Don’s on the mend. Sort of.
It was an admittedly slow yet steady start to the new season. That’s how it should be with recovery.
There was no jumping into massive transformations or profound moments of clarity. It was more of a catch-up to see how the dust has settled – or kicked up – in the past two months (in "Mad Men" time, of course).
Are Don and Megan still together? Have SC&P rehired Don? Are Peggy and Joan this close to starting their firm to prove those chauvinists wrong? Did Roger join a hippie commune? We got those questions answered, tied in with few jaw-droppers.
Times have gotten dire for Don. He hasn’t just changed the conversation; he’s changed the speaker. But it’s not like he assumed a new identity, like Dick Whitman to Don Draper. This go-around, he’s enlisted an unlikely ally to do the talking for him.
Freddy Rumsfeld’s pitch sounded familiar. The rhythm and imagery were reminiscent of Don’s pitches during his heyday, when we were mesmerized and eager to empty our wallets at the drop of his feather-trimmed fedora. This time, we were pulled in and listening to Freddy.
“It’s a homerun,” Peggy tells him.
Freddy’s always been a scout for great talent. First Peggy, now Don. I was hoping he would be more of an AA sponsor to Don than a mouthpiece for his timepiece pitch. But if it gets Don on the path to a spiritual awakening, or at least a full-time job, then he’s on the right path.
A severance package isn’t something you can put a resume, assuming that’s why SC&P are still paying Don. Otherwise, why else would he have to pitch ideas – solid ideas – through this backdoor channel? And who would have guessed a few seasons ago that Freddy had more clout than Don?
Weird guy, that Don. He has no reason to stay in New York when he has no job there and a wife in California. If Pete put him in touch with a relator, then he could easily put in a good word for Don at a California ad agency.
Maybe Don hasn’t uprooted himself just yet, because he wants to win back SC&P more than he wants to fix things with Megan. But let’s not forget that proud attaboy moment when he turned down the chance to join the Mile High Club with his seat buddy (played by Neve Campbell).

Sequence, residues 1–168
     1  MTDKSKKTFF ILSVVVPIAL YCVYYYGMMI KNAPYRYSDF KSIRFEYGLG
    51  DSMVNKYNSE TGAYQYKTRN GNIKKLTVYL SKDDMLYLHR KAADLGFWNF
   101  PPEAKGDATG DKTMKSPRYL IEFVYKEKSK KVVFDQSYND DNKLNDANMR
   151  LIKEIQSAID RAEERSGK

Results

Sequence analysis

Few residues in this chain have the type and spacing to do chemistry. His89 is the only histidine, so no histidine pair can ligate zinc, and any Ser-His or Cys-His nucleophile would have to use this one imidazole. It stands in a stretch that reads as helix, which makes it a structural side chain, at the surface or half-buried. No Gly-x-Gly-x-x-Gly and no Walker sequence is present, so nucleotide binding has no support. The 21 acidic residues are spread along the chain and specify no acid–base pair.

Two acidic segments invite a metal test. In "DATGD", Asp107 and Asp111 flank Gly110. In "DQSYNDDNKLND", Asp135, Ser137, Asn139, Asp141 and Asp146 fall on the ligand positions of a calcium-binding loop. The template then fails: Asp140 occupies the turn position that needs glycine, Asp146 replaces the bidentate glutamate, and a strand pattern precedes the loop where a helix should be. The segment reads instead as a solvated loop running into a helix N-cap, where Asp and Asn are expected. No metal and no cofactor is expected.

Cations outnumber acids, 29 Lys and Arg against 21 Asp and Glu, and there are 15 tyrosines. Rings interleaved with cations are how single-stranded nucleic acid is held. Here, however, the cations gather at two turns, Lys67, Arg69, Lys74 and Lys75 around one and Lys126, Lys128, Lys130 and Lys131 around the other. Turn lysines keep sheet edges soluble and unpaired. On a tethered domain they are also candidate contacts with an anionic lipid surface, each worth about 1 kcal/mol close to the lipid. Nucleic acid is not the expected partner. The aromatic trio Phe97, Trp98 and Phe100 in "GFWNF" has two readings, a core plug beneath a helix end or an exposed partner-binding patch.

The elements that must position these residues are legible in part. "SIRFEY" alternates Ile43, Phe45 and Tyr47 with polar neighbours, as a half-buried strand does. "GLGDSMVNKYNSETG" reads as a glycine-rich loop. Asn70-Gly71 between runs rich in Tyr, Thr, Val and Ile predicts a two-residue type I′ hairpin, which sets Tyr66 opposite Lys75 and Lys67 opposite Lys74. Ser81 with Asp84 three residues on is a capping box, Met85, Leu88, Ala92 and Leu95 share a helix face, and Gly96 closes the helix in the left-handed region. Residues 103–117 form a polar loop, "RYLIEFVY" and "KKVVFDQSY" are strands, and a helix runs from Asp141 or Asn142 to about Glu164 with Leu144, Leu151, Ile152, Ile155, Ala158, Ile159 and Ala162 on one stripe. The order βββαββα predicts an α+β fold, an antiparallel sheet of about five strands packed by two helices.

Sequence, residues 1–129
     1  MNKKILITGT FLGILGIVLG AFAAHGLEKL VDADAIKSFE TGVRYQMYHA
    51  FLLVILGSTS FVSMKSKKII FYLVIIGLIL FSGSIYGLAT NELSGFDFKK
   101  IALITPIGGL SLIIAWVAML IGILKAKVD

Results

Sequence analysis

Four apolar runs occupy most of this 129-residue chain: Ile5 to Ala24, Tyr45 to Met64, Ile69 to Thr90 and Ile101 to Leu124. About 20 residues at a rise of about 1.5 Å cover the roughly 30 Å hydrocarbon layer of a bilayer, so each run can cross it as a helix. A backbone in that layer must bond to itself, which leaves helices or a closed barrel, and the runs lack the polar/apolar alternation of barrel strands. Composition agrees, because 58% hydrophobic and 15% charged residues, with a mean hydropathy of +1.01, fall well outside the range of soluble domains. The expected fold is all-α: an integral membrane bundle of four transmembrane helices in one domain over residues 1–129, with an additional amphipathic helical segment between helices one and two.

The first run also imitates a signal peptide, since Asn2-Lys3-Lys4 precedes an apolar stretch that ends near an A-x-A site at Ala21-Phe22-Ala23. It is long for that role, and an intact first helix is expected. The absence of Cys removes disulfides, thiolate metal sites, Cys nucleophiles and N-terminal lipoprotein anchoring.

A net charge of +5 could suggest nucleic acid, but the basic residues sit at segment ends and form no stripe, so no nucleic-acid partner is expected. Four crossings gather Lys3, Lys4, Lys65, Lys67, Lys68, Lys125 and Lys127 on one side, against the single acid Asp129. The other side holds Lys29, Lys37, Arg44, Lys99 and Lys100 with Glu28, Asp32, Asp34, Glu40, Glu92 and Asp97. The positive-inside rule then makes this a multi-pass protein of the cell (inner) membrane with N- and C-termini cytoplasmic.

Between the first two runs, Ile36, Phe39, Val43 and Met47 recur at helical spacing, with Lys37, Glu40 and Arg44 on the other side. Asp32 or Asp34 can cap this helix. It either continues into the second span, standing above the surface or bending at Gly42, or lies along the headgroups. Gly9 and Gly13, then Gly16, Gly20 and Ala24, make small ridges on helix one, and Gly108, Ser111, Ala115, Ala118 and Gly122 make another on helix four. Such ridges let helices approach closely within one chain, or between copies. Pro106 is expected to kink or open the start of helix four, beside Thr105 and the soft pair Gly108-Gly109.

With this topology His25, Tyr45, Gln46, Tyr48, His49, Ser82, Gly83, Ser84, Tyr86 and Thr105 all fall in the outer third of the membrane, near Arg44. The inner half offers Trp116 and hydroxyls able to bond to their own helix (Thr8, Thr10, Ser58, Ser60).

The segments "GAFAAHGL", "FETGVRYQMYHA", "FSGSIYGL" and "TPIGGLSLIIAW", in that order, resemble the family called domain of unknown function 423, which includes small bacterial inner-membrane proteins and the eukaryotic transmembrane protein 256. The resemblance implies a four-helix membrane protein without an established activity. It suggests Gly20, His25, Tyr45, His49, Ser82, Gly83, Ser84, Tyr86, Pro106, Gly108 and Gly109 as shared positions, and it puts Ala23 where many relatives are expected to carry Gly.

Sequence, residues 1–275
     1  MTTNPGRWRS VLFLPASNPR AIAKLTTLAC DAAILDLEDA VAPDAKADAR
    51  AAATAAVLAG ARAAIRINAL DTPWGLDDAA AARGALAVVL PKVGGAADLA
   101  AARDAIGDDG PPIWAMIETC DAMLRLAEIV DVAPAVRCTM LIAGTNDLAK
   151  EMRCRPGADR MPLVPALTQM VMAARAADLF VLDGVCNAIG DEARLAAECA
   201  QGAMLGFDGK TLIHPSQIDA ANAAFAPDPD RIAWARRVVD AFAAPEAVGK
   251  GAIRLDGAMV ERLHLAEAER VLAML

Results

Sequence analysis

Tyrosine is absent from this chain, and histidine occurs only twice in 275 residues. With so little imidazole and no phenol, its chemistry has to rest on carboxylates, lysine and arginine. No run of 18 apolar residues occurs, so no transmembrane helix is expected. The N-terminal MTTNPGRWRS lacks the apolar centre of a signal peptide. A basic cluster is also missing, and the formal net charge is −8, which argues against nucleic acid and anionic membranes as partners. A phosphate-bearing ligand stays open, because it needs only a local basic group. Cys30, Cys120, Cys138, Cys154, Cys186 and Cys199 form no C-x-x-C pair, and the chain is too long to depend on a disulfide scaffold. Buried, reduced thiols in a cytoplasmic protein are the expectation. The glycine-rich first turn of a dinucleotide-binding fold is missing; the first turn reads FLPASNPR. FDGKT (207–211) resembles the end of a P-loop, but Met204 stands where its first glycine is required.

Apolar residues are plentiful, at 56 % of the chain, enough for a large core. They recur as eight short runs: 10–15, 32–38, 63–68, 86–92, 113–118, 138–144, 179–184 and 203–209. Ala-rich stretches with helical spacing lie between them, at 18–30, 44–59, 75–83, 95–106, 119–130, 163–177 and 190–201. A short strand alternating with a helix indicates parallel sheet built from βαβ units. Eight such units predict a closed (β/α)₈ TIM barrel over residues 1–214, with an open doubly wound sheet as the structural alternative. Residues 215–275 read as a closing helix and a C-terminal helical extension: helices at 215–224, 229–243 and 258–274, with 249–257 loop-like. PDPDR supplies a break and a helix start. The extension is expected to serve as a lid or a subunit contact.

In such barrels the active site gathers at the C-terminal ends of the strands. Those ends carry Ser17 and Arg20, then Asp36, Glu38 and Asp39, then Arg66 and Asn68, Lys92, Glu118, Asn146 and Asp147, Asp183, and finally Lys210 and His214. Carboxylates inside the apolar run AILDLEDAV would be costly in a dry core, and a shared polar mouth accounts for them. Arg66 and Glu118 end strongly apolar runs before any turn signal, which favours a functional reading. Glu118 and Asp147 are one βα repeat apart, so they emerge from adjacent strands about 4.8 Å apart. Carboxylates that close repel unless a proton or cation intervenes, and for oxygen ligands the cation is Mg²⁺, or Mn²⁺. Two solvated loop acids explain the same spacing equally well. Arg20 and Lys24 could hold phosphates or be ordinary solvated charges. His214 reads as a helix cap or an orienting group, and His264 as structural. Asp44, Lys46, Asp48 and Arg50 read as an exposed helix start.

Usually Don’s sexcapades are what make the show, but it was refreshing to see him focus on himself and not the smokey-eyed brunette (his weakness) sleeping on his shoulder. That’s some serious restraint right there.
Don might be a “broken vessel,” but he does seem fixable. We’re ready and we’re paying attention, Don. Show us what you’ve got.
Wham, bam, thank you gams! Megan greets Don at the airport in the infamously sultry “Zou Bisou Bisou” frock that’s gone from NYC chic black to California cool blue.
Don strolls up to his leggy lady driving a forest green convertible. Bold, dashing and equally as stylish as his starlet wife, this is the man we missed so much in the past couple seasons.
You can tell Megan’s missed him too, even if there is a little hesitation in her body language and in the bedroom. But the hesitation is rooted in the foundation of her house and new lifestyle.
“My next house is going to have a pool,” Megan gleams, before correcting herself, “Our next house.”
She’s not fooling anyone with that backpeddling. From the paisley curtains to the crochet throw blankets, nothing about this joint says Don Draper. A Don Draper hook-up place? That’s a big old yes. He does have a thing for boho, artsy girls. But a Don Draper residence? Not so much.